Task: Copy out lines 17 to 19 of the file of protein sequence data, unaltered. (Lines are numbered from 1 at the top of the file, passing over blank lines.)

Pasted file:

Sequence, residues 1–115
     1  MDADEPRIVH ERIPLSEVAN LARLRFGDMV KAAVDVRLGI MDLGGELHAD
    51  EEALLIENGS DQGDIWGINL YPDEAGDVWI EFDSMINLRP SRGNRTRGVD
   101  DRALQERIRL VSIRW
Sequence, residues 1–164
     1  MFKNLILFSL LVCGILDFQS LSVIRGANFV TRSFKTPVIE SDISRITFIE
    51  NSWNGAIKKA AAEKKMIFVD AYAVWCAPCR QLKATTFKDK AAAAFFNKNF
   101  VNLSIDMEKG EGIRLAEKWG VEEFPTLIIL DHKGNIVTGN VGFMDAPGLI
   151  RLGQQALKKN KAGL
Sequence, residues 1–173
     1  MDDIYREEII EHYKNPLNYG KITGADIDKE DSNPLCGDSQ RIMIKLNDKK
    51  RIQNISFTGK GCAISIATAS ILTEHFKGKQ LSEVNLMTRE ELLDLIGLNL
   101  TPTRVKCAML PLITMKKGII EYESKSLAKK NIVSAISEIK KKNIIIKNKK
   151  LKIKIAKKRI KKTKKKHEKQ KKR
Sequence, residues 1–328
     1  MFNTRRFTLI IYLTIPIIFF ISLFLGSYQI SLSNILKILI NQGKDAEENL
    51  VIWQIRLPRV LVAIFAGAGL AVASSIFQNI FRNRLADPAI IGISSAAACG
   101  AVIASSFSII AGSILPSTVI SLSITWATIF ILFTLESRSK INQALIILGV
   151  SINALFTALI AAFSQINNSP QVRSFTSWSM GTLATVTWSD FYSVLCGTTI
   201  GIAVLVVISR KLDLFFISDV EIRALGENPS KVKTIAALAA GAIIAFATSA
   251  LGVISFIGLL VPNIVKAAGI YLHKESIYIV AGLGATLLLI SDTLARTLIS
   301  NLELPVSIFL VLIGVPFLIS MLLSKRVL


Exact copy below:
    51  VIWQIRLPRV LVAIFAGAGL AVASSIFQNI FRNRLADPAI IGISSAAACG
   101  AVIASSFSII AGSILPSTVI SLSITWATIF ILFTLESRSK INQALIILGV
   151  SINALFTALI AAFSQINNSP QVRSFTSWSM GTLATVTWSD FYSVLCGTTI